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Cathy Coley

Breakfast with Mary Oliver

It's been a while, again.

I've been thinking, and life happens.

Here's a poem.

Breakfast with Mary Oliver

The rain is a deluge for waking,
dark and heavy, a blanket beyond
my blankets.

I move slowly into the kitchen,
dreaming Mary Oliver’s voice,
“Pay attention, that’s what I can do.”
I pour coffee and glance to a covered pan
of last night’s sautéed mushrooms on the stove.
Oh, what a waste.

I won’t waste the cooking of them.
I won’t waste the bit of life left
in them to nourish me.
I crack into them a couple of golden yolk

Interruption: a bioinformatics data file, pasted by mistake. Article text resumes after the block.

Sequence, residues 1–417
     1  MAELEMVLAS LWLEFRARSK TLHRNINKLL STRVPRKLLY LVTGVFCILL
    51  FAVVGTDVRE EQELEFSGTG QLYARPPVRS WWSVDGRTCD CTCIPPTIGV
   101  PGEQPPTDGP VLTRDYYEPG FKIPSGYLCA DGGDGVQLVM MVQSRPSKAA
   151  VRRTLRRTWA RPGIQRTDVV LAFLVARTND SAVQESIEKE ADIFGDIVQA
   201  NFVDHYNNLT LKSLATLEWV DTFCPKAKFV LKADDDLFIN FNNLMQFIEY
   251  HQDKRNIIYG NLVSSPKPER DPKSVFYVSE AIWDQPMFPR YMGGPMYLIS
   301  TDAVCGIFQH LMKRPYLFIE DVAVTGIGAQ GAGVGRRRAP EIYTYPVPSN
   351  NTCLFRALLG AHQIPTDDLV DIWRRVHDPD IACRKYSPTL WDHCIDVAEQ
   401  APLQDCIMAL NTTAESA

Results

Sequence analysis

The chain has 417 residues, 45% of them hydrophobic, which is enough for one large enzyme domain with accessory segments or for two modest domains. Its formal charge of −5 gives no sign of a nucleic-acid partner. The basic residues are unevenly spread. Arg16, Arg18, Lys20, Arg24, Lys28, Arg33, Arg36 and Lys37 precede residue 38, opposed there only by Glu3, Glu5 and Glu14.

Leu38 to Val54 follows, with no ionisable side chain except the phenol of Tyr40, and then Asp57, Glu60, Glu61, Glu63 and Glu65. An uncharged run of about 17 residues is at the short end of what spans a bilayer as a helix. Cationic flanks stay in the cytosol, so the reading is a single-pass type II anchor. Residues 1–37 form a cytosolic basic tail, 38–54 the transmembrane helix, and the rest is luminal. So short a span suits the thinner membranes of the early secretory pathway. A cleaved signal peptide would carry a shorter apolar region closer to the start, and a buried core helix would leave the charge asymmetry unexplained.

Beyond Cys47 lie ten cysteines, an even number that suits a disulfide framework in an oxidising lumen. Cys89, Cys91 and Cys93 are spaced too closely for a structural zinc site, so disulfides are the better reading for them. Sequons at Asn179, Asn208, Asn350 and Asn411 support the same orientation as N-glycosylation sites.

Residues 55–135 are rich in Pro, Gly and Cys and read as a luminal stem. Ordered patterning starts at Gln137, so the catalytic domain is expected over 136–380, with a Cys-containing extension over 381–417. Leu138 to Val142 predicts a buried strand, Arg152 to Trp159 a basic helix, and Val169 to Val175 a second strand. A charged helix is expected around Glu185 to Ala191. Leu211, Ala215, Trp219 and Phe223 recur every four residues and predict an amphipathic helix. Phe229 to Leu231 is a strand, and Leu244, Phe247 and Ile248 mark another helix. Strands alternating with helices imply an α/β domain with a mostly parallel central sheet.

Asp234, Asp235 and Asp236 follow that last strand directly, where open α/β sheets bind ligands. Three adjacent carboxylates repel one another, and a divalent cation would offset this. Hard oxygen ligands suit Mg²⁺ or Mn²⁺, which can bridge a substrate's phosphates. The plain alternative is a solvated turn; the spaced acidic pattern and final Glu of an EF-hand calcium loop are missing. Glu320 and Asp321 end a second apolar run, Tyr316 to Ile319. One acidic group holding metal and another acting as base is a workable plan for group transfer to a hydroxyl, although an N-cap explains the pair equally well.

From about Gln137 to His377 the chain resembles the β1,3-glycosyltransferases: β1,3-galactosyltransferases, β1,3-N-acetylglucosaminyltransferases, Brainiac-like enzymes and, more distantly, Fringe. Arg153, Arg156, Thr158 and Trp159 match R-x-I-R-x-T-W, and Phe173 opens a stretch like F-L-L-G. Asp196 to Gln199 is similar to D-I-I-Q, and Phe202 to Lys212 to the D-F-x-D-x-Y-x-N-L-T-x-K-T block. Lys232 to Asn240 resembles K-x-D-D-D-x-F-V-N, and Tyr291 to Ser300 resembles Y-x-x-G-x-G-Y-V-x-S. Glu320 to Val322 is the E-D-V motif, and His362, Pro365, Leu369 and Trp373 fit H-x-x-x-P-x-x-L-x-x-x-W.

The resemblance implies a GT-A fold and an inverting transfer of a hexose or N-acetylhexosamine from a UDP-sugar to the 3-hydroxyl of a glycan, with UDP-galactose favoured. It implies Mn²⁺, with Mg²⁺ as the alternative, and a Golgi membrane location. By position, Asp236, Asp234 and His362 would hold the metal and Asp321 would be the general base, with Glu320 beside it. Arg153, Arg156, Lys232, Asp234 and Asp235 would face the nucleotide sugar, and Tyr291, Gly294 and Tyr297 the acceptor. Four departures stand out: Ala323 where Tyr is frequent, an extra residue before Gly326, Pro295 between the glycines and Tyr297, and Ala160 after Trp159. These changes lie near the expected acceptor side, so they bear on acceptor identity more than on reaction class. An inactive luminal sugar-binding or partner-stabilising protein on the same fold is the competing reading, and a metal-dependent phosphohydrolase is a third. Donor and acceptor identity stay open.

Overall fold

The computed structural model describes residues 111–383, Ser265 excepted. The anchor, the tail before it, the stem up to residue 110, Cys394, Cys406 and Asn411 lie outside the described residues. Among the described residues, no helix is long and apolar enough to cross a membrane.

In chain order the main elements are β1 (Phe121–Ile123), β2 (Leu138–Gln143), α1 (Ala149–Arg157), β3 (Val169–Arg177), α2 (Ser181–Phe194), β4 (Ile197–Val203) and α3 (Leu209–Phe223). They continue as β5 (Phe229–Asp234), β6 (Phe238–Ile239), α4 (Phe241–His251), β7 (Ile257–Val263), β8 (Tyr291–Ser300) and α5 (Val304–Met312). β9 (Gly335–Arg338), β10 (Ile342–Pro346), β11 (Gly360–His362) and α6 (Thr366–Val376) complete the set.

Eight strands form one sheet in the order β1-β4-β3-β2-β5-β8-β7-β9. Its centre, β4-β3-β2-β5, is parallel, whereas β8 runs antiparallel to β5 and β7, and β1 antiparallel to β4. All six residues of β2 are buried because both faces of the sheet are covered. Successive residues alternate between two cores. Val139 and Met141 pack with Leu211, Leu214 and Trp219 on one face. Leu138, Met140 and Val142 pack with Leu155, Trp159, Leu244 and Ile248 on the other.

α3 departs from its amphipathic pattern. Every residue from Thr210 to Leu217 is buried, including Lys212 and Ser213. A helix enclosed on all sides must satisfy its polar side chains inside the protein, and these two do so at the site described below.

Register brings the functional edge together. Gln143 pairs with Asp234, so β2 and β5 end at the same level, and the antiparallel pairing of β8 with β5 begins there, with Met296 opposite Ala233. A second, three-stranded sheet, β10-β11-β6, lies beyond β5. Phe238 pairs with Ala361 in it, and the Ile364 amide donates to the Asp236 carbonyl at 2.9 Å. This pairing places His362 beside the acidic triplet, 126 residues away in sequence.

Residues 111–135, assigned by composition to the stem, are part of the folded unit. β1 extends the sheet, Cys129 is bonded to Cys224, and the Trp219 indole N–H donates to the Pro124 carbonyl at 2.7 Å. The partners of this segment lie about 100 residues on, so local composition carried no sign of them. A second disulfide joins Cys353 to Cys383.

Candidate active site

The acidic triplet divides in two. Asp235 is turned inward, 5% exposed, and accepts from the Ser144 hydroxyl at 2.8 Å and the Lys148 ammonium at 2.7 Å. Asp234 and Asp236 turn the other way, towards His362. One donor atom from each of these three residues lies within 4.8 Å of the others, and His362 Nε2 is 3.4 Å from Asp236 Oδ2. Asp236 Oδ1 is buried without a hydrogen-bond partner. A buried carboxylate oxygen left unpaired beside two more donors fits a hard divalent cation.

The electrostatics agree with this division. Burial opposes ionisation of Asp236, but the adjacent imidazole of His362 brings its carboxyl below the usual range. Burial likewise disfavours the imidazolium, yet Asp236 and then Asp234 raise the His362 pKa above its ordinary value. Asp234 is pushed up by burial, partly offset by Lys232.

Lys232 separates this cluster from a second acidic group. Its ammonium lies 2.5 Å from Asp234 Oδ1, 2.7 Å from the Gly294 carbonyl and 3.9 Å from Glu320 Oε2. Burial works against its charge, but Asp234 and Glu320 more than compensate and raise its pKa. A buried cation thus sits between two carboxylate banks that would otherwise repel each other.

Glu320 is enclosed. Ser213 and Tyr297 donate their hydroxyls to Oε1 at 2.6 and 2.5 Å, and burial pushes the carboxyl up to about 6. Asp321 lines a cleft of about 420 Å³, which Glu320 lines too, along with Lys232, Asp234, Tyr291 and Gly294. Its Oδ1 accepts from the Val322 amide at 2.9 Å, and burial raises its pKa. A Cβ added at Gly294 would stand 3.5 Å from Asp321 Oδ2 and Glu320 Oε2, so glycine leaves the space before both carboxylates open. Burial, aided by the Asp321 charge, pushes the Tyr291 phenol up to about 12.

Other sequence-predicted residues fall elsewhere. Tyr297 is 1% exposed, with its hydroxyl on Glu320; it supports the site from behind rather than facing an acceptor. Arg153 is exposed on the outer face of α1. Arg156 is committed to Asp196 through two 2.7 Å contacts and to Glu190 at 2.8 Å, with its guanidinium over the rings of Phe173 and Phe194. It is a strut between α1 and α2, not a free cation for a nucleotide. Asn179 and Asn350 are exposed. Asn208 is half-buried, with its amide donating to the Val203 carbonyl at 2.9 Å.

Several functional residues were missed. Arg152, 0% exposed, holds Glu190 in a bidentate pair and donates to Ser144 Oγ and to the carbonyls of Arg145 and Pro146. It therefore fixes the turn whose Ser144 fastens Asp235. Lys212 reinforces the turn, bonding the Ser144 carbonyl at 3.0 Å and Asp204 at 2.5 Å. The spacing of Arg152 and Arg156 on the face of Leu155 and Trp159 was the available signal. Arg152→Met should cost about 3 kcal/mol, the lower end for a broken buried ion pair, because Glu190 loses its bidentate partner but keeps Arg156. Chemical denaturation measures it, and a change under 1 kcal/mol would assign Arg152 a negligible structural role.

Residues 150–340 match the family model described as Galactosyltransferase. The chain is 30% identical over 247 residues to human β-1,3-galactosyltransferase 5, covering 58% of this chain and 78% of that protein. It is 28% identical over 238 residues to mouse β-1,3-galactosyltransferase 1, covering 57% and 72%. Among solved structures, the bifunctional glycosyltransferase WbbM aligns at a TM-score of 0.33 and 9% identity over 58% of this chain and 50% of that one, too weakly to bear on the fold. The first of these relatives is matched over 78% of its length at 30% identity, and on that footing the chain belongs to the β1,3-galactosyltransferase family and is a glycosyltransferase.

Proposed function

eggs from my neighbor’s chickens.
So much more present, colorful, flavorful,
than what can be found on a supermarket shelf.

She sells them to me in her driveway.
While we gossip about neighbors,
mostly her in-laws, the chickens swirl,
size me up,
chuckle, gurgle their gossip about us.

As the eggs become more solid
and scramble,
petrichor rises from portabellas
takes me to a forest’s mossy floor.
Somewhere, I am a boar snuffling
at the ground for the deep loamy
flavor under the chaff of
wind and seasons, composting
to grow a delicious morsel.
Some ancient human followed a boar
And found umami mushrooms;
felt the deep roots of the earth's turning
season by season in her mouth, did not die
and became the earth.

I slide the cooked eggs and mushrooms
onto a blue plate.
Sip my coffee once more.
I eat and grow roots.

first draft, 1.24.2019